24. Do you recommend the one rein stop? I practice that before each trail ride both directions, I have found that it gives them a focus and after the spook, I can sometimes then give them some time to approach or just calm from the experience. Just recently I had two riders come off their mounts and I was in the lead so the horse came thundering up from behind, bucking and galloping off. The immediate one rein gave me the control and I was able to then ride ahead.

    1. Barbara, Callie does not recommend the one-rein stop because it can throw the horse significantly off balance and actually even cause the horse to fall if done at a high enough speed!

      -Julia Burdy, CRK Training Community Manager

  25. Hi Callie,
    Just last week while riding my 3 yo QH gelding on new trail in the woods, he noticed a massive cut tree few feet off the trail. Ears perked … high alert. I just stopped and turned him to face the crouching cougar. I gave him time, watched his ears and when I felt him relax I moved him little closer, eventually moving up to the tree. I ride with a great group of ladies who have years of experience and give me time to work on scary objects and different obstacles. Love your videos!!!

  26. Thank you for this review! I use all of the techniques you mention in the video. My horse, unfortunately, would sometimes spin around on his hind legs and bolt. He has a thick neck so I found it difficult to stop this quick bolt. A trainer recommended always keeping his head in a straight line, so I would be looking directly, evenly, between his ears. This has helped ! The other approach I have used is to build on his clicker training. Doing ground work we play a game called Can You Touch? We started with plastic bags, flags, the parked 4 wheeler, my parked bike. If he touches the frightening object with his nose, he gets a click and a small piece of carrot. This often helps on the trail. When I say , (sometimes in a loud but calm voice) Can You Touch, it triggers in him the idea of a treat. Now sometimes if he is approaching something scary, he will stop, turn around and ask for a carrot strip! It cuts the tension and his adrenaline flow!

  27. Hi! I enjoy all your video’s!
    This video today is the very thing I am not confident about if my horse spooks. I try to breath and work through the situation. I ride two outside of the arena at neighbors, I have yet to take my horses on a true trail ride. I was hurt in January as I have a horse that has limited saddle time. He is awesome on the ground with liberty and on-line with great manners. He spooks as he has not experienced much outside of a stall previous life. My trainer and I in the round pen starting slow to make stops, turns etc. good before actually starting our class. Suddenly with tremendous energy took his head, He bends sideways, then changed direction sideways. Well off I went as a big mover lost my center. Weird! We have no idea what provoked his spook. He stood over me concerned like why are you down there?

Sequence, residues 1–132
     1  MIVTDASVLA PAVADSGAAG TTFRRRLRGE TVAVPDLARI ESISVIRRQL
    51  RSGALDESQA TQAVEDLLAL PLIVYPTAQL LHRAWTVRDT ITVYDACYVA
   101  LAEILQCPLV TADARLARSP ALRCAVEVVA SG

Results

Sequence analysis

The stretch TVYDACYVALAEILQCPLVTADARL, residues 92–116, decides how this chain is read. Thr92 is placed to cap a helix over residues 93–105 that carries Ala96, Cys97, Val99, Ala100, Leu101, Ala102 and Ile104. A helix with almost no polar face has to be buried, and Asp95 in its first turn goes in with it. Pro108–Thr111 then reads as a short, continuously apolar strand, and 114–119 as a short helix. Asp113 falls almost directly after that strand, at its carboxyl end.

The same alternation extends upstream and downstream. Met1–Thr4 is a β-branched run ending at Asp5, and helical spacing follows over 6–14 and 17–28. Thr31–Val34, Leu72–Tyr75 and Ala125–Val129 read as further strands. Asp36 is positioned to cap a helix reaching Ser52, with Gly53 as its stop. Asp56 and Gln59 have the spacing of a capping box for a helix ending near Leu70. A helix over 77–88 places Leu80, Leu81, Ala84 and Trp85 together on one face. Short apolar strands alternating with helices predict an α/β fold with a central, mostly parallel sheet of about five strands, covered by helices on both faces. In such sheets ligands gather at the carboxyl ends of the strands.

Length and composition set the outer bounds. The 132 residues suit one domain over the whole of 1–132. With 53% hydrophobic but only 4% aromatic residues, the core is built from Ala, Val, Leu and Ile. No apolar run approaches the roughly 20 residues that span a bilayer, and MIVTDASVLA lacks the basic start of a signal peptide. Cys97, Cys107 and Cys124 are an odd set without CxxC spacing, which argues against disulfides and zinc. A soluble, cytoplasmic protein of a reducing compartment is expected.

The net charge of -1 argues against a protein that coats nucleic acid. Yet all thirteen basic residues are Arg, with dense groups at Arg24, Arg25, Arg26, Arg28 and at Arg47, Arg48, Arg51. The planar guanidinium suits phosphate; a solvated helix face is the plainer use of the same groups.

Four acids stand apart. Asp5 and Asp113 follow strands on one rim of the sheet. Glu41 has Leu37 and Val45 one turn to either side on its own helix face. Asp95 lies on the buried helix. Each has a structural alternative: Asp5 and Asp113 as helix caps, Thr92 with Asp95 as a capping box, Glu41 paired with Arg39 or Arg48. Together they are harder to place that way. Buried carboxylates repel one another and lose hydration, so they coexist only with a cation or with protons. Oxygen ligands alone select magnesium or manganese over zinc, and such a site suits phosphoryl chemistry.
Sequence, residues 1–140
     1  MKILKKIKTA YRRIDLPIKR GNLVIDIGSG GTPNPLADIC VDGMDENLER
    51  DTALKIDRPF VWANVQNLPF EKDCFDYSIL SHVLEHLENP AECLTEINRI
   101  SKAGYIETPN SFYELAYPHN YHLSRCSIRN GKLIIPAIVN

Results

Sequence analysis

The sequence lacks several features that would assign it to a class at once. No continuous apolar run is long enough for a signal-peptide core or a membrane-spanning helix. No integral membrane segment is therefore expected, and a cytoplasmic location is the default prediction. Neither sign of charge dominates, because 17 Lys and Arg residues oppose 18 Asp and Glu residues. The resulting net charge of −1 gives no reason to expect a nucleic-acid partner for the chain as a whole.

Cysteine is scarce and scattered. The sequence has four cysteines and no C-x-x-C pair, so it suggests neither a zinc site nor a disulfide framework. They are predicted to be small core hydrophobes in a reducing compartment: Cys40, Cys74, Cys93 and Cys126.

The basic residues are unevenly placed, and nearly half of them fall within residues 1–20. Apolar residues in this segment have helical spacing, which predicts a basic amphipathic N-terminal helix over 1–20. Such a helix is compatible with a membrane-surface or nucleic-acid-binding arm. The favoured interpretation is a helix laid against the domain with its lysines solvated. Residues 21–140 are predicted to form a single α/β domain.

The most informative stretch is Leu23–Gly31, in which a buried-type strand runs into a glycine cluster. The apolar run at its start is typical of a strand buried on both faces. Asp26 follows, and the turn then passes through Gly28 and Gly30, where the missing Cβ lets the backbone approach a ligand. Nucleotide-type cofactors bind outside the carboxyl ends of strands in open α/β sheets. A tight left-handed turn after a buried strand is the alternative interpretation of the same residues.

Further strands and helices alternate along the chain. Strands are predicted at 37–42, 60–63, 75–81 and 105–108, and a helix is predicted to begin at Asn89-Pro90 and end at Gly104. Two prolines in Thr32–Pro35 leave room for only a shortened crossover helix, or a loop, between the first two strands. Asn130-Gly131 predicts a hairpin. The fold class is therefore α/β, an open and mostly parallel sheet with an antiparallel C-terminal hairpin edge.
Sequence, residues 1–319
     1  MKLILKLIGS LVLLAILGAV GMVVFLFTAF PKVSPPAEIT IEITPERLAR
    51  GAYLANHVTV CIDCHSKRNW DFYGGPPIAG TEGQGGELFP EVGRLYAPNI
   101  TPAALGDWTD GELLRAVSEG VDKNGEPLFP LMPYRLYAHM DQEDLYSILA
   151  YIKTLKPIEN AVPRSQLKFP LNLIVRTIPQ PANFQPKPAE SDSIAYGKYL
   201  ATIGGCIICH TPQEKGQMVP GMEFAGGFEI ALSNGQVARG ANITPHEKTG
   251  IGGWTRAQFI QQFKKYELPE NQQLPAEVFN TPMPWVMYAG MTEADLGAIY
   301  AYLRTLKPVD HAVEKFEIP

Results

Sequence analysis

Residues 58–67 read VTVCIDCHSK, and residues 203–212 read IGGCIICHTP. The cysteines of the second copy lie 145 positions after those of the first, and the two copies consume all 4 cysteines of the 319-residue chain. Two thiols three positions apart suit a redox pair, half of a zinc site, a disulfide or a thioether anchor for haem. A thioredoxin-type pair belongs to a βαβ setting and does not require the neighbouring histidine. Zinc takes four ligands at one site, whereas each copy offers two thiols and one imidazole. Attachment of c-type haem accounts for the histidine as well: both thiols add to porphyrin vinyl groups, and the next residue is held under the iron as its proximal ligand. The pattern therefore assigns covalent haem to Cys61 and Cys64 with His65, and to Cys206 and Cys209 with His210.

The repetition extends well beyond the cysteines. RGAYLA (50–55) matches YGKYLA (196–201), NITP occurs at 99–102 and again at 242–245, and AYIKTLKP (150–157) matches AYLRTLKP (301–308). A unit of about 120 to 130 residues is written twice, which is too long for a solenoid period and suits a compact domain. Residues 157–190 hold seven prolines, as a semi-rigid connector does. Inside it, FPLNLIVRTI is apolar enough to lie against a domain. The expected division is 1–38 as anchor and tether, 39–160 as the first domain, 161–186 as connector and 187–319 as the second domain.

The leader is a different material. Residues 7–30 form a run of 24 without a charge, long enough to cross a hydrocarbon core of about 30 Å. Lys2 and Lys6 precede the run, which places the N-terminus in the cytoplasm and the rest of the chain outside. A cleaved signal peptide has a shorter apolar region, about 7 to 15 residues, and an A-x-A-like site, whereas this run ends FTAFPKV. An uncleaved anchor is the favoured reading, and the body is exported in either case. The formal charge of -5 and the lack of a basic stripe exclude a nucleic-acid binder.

28. my large pony was trained natural horsemanship, using a flag in the round pen while free lunging, to teach him to deal with pressure. Unfortunately, he is extremely over reactive to anything. The wind, objects mostly above ground level, moving or not. Last incident was in the ring. Horses playing too rough in nearby paddock spooked him. I halted to let him look he bolted, I turned hard to stop it, he threw his head, broke my helmet, broke my nose, and gave me a concussion when his head slammed into mine. My biggest problem is more my lack of confidence than his, due to things he does. I am not inexperienced, he is my 3rd horse, but the spookiest. First horse had no fear of anything, but was a runaway, which was easy to deal with. Next was a spook, but not nearly this bad, and already broke when I got him. This one was wild at 4 1/2 when I got him. Been 10 years trying to work him past his problems, and yes, I do have a good trainer. He is getting better, I am not.

    1. Debbie, it sounds to me like you are being really hard on yourself! He sounds like he is been a challenging ride for you – does the trainer ride him out on the trails as well?

      -Julia Burdy, CRK Training Community Manager

  29. I find that working on my balance and calmness is key to handling any spook on the trail. I’ve been trail riding for thirty something years and have encountered a lot of spooky things. I do a ton of ground/arena work to prepare my horses so they can build relaxation and confidence. This also helps me know how they are going to react to scary things(stop, bolt, spin ect). Once out on the trail and we come across something spooky I can breathe and stay calm so they can gain confidence from me. I work on a lot of balance exercises so if something jumps out of the bush (deer, birds, dogs) and they jump or bolt I have the balance to stay with them. This also gives me the confidence to keep my head together so I can help my horse gain control. Nothing worse than trying to regain your balance on a runaway.